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On December 22, 1964, at a small, closely guarded airstrip in the desert town of Palmdale, California, Lockheed test pilot Bob Gilliland stepped into a strange-looking aircraft and roared into aviation history.
Developed at the super-secret Skunk Works, the SR-71 Blackbird was a technological marvel. In fact, more than a half century later, the Mach 3–plus titanium wonder, designed by Clarence L. “Kelly” Johnson, remains the world’s fastest jet.
It took a test pilot with the right combination of intelligence, skill, and nerve to make the first flight of the SR-71, and the thirty-eight-year-old Gilliland had spent much of his life pushing the edge.
In Speed one of America’s greatest test pilots collaborates with acclaimed journalist Keith Dunnavant to tell his remarkable story: How he was pushed to excel by his demanding father. How a lucky envelope at the U.S. Naval Academy altered the trajectory of his life. How he talked his way into U.S. Air Force fighters at the dawn of the jet age, despite being told he was too tall. How he made the conscious decision to trade the security of the business world for the dangerous life of an experimental test pilot, including time at the clandestine base Area 51, working on the Central Intelligence Agency’s Oxcart program.
The narrative focuses most intently on Gilliland’s years as the chief test pilot of the SR-71, as he played a leading role in the development of the entire fleet of spy planes while surviving several emergencies that very nearly ended in disaster.
Waging the Cold War at 85,000 feet, the SR-71 became an unrivaled intelligence-gathering asset for the U.S. Air Force, invulnerable to enemy defenses for a quarter century.
Gilliland’s work with the SR-71 defined him, especially after the Cold War, when many of the secrets began to be revealed and the plane emerged from the shadows—not just as a tangible museum artifact but as an icon that burrowed deep into the national consciousness.
Like the Blackbird itself, Speed is a story animated by the power of ambition and risk-taking during the heady days of the American Century.
About the Author
Bob Gilliland logged more experimental flight test time above Mach 2 and Mach 3 than any other pilot in history. He was inducted into the National Aviation Hall of Fame and the International Air and Space Hall of Fame, and he was presented with the Iven C. Kincheloe Award. A native of Memphis, Gilliland graduated from the U.S. Naval Academy, transferred to the newly independent U.S. Air Force, and flew twenty-five combat missions as an F-84 fighter pilot in the Korean War. He died at the age of ninety-three on July 4, 2019.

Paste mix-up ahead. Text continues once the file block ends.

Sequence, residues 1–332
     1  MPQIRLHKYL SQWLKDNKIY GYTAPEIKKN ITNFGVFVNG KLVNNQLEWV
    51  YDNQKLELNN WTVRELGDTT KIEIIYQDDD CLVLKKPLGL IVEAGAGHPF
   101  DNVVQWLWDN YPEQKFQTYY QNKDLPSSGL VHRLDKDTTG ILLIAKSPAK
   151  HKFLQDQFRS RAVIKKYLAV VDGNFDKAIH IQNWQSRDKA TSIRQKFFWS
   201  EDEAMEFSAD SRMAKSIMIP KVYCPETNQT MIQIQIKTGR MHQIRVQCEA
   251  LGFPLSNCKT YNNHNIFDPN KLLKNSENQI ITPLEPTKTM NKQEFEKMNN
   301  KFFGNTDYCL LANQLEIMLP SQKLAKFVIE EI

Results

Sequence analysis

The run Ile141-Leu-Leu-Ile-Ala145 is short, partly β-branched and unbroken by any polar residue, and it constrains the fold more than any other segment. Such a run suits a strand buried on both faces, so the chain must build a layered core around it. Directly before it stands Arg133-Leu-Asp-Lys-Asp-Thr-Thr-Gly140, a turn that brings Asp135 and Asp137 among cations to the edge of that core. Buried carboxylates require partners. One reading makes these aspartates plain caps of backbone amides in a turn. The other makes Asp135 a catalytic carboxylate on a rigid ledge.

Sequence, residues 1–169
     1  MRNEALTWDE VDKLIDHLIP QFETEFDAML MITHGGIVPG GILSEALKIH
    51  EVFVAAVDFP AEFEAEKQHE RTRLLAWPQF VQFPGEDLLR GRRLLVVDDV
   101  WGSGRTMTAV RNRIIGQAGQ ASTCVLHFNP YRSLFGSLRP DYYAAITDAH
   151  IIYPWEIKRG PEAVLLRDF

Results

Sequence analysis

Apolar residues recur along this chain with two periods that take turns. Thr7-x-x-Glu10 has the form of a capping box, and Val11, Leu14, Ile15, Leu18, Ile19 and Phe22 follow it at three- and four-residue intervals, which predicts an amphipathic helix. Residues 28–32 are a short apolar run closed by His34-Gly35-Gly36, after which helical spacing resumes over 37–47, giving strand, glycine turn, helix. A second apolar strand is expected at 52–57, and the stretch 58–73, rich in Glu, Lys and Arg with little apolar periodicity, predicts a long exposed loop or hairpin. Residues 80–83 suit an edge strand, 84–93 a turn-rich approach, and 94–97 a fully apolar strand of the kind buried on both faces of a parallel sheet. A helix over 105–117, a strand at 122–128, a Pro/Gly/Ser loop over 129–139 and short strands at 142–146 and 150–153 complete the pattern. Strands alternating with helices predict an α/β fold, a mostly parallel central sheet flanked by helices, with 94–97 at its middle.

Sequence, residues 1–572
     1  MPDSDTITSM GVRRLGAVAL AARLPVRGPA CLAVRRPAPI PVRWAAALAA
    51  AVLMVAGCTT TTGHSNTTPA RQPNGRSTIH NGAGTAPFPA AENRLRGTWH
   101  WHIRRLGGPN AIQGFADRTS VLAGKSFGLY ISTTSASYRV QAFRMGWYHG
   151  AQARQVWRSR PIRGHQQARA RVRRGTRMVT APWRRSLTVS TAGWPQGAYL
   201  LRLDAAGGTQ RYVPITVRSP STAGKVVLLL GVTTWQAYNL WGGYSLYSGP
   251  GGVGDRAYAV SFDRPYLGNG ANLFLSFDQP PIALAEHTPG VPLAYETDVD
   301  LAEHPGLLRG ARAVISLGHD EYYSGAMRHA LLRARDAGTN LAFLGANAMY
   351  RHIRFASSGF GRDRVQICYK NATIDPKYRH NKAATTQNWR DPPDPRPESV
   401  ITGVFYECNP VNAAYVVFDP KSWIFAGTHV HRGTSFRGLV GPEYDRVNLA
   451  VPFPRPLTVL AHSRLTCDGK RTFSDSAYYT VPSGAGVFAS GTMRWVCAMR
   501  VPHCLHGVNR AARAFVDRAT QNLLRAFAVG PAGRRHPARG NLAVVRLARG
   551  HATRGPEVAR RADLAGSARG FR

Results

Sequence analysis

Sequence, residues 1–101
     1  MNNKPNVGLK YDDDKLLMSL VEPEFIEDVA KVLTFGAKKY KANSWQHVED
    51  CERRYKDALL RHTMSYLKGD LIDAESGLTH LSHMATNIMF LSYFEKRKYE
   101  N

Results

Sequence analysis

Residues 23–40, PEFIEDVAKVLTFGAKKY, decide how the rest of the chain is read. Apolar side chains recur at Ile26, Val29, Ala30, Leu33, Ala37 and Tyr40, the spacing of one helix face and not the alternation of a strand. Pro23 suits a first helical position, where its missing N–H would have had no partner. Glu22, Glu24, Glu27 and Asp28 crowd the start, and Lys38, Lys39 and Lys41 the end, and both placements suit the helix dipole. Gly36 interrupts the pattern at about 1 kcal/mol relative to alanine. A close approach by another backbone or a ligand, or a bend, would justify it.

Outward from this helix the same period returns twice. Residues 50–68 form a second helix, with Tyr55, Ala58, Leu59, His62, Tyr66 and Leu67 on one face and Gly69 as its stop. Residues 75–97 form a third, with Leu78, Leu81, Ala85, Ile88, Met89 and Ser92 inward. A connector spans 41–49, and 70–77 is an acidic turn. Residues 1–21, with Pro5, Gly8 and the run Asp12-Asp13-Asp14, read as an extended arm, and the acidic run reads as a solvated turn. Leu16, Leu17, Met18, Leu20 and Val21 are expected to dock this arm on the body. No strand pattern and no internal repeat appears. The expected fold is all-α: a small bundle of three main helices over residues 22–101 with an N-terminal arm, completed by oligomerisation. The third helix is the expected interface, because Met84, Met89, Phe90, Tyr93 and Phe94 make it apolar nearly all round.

Keith Dunnavant is the author of eight books, including Spy Pilot, a true story of Cold War intrigue and redemption, as well as definitive biographies of Paul “Bear” Bryant, Joe Montana, and Bart Starr. He goes deeper into the Blackbird story in his documentary film, First Flight, Last Flight. Once a prominent sportswriter and magazine entrepreneur and editor, Dunnavant directed coverage of sports, business, media, culture, and politics. He has been a featured historian on ESPN, CBS, HBO, Showtime, Epix, and SEC Network.
Chesley “Sully” Sullenberger is a retired U.S. Air Force fighter pilot and airline captain who became world famous after the so-called Miracle on the Hudson. He is the coauthor of the New York Times best seller Highest Duty: My Search for What Really Matters.
“Bob Gilliland spent his entire career pushing life’s boundaries. In Speed we see him play a pivotal role as the SR-71 Blackbird dramatically extended the aviation frontier. You’ll love this thrill ride into the life of a legendary test pilot. This book brings you so close to the action that you can feel the excitement and smell the jet fuel.”—Gen. Steve Ritchie, the only U.S. Air Force fighter pilot ace of the Vietnam War
“This fascinating book puts you in the cockpit with Bob Gilliland.”—Jim Lovell, astronaut and commander of Apollo 13
“I wholeheartedly recommend this book! It gives great insight into the story of one of America's greatest test pilots and his crucial work in making the Blackbird program successful.”—Ed Yeilding, SR-71 pilot, Smithsonian flight speed record holder
“Bob had an exemplary military career and was a consummate test pilot. . . . He didn’t just pave the way for future test pilots; he trailblazed new roads courageously, safely, and without a scratch. Bob was truly a hero's hero.”—Dick Rutan, commander, Rutan Voyager
“Super read! There exists a Circle of Aviators, all truly great ones. Bob Gilliland remains the highest, the fastest, and most respected.”—Dan Pedersen, founder of the U.S. Navy’s Top Gun program